I should be happy it’s blue, right? Since one day, she’ll want to paint her bedroom black and invite her friends over to smash red handprints all over her homemade loft bed and lock the door and play Depeche Mode’s “Black Celebration” on repeat and wait that was me.
I know it’s just paint, but I don’t want to pick up another paintbrush for a very long time after moving day.
What do you think?
(And should I paint the window trim?)
(Consider: carpet will be pale cream. Furniture is white. The wall opposite the window is mostly doors — mirrored double-sliders on the closet, white door to the dining room. Wall to the left has a white door to the bathroom.)
Disclaimer: this is a long-winded and overly emotional post about kitchen tile. The short version: expensive tile from Japan FTW!
It turns out, renovating a house isn’t … fun.
Not unless you have a gajillion dollars and an architect on call and probably an interior designer that shows up to appointments with lattes and a bag of chocolate croissants.
Yeah, no. Maybe in another life.
What I’ve learned is this: renovating a house is a lesson in facing reality. It has four parts: 1) need vs. want; 2) compromise; 3) processing disappointment; and 4) the time-quality-cost (or “triple constraint”) triangle.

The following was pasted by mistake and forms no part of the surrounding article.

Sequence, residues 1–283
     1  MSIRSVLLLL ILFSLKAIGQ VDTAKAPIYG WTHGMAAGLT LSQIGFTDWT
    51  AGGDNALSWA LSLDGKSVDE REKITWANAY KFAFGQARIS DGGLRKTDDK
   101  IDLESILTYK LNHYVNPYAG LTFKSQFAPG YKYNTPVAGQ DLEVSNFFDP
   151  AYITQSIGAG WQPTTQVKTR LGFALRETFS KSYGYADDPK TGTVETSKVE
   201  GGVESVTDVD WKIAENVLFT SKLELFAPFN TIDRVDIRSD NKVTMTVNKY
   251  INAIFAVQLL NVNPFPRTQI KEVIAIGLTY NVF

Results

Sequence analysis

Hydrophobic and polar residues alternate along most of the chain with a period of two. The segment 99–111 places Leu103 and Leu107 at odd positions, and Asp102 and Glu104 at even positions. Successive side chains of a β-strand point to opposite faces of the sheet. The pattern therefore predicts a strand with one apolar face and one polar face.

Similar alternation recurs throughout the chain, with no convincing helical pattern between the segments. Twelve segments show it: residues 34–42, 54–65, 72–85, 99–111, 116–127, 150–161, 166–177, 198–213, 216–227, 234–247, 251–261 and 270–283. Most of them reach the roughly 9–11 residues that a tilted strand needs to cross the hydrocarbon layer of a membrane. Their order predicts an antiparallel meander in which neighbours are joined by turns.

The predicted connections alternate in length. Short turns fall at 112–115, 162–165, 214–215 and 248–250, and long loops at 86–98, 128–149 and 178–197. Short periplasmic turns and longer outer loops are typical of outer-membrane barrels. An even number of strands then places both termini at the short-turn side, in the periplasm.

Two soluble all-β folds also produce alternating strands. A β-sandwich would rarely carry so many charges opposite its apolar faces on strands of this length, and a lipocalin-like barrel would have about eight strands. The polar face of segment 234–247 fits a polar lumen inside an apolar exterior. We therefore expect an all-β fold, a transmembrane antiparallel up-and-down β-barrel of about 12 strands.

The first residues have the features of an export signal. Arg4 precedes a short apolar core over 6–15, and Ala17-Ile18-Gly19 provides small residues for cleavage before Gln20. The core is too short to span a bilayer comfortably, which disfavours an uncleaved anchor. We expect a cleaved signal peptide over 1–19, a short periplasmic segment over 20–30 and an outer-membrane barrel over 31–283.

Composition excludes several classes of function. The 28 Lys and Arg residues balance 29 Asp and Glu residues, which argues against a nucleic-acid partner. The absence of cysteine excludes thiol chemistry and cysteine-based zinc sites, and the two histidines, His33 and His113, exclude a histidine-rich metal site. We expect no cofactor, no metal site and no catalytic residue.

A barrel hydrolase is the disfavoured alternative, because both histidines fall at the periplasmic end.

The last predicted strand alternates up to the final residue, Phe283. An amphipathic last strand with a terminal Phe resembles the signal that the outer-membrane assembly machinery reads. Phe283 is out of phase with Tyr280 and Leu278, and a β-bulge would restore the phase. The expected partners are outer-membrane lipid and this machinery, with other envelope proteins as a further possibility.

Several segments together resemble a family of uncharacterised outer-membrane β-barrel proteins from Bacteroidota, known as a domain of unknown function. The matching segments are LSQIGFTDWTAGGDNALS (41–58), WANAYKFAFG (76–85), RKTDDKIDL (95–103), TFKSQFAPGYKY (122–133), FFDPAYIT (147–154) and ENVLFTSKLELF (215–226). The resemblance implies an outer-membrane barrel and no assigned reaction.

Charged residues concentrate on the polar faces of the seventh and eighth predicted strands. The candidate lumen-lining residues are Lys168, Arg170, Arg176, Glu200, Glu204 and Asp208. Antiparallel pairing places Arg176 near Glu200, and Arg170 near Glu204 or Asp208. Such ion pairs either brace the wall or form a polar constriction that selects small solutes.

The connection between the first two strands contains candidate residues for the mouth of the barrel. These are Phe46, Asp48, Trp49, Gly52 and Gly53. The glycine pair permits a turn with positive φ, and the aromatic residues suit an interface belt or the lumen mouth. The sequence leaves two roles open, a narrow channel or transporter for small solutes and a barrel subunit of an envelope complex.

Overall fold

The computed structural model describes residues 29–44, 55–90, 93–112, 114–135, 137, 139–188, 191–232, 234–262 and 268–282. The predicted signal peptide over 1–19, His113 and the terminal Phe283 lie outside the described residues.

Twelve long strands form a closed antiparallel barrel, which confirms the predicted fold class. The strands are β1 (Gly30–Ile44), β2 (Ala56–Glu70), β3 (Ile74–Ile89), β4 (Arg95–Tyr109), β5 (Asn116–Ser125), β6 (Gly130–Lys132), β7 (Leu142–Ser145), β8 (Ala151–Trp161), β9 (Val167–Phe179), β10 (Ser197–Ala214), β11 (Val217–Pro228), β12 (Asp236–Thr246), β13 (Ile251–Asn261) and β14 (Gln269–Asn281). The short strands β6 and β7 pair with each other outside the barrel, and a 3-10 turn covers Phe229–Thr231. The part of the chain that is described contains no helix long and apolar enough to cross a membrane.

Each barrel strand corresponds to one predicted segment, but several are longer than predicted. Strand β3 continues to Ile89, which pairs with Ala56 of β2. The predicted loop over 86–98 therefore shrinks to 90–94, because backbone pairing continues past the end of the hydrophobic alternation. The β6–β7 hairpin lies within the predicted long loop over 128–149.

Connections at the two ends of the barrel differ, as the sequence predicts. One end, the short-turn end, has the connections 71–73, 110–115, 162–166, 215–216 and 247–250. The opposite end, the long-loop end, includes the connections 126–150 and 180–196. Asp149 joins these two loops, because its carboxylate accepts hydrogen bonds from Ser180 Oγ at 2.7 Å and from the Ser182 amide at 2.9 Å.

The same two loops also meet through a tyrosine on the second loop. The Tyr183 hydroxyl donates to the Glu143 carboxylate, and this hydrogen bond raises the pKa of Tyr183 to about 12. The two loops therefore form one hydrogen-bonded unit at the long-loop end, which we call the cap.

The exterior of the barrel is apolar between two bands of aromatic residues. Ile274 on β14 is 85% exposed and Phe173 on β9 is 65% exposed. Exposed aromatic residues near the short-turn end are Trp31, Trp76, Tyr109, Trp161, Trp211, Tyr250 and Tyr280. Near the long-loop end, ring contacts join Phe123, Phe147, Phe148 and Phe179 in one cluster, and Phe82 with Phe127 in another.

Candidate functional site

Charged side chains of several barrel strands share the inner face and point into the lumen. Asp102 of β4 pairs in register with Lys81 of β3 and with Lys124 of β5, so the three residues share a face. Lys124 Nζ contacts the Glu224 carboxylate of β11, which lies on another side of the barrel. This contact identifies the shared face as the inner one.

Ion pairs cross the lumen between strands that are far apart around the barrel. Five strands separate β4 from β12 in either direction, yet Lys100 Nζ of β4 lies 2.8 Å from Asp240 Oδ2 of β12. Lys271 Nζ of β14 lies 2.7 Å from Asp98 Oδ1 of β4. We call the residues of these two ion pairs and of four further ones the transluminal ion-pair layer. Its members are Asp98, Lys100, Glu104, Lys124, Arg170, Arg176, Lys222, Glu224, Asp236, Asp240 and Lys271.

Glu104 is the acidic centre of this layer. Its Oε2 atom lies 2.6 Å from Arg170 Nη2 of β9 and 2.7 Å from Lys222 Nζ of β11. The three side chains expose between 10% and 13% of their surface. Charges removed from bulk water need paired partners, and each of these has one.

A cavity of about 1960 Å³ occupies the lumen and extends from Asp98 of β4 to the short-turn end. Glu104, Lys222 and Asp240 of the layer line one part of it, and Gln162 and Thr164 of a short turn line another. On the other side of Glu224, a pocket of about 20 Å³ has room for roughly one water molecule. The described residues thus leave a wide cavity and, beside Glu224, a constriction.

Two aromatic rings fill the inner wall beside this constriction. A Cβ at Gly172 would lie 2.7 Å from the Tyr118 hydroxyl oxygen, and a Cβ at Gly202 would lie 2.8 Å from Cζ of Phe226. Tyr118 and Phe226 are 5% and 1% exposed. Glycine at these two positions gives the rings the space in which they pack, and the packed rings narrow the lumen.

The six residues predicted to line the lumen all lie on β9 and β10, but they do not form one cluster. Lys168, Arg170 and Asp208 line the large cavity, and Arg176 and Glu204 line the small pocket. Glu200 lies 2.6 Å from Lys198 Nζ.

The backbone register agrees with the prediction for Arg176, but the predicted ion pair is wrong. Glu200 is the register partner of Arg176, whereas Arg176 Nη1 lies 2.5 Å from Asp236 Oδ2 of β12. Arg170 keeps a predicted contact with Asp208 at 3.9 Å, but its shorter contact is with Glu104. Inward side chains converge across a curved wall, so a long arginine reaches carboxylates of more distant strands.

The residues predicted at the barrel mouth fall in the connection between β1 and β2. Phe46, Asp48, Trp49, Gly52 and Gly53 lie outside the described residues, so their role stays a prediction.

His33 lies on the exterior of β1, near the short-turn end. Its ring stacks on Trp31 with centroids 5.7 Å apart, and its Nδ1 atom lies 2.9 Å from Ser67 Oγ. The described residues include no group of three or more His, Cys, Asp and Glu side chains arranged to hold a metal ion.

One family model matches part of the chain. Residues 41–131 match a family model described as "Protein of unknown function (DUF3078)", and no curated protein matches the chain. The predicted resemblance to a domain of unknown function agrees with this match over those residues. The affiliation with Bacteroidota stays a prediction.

A little explanation on number four, if you’re not familiar — you can’t increase one arm of the time-cost-quality triangle without reducing the others. You can have it cheap and fast, if you settle for lower quality. You can have great quality, quickly, at a high price. Or you can have excellent quality at a good price, if you’re able to wait.
We are bedeviled by this triangle, mainly because
we don’t live inside Dwell magazine we have limited cash, and limited time to make the most of the cash we have. (No, I cannot reasonably spend another minute googling “large area rugs under $300.”). So there has been lots and lots of compromise where the “cost” arm wins big. No quartz countertops. No select-grade wood floors. No soaker bathtub. Tons of DIY. Etcetera.
Monday was Tile or Die Day. With a two-week delivery window, and three weeks until we move in, it had to be done. I was resigned to accepting the most basic, white subway tile available and moving on, because it was also Carpet or Die Day. Choosing carpet sucks away my will to live, because I dislike carpeted rooms in general — so I’m paying for something I’ll inevitably resent. Thus, I was all set to spend a bunch of money feeling pinched and hateful.
(How many of you want to work on a renovation project with me right about now? Yeah. Me either.)
And then I walked past the tile clearance display. I turned to the spouse and said, “Look at that. I love that. It reminds me of everything happy about my childhood.”
Those words tumbled out before the impression was clear in my mind. Who has a visceral, emotional reaction to kitchen tile?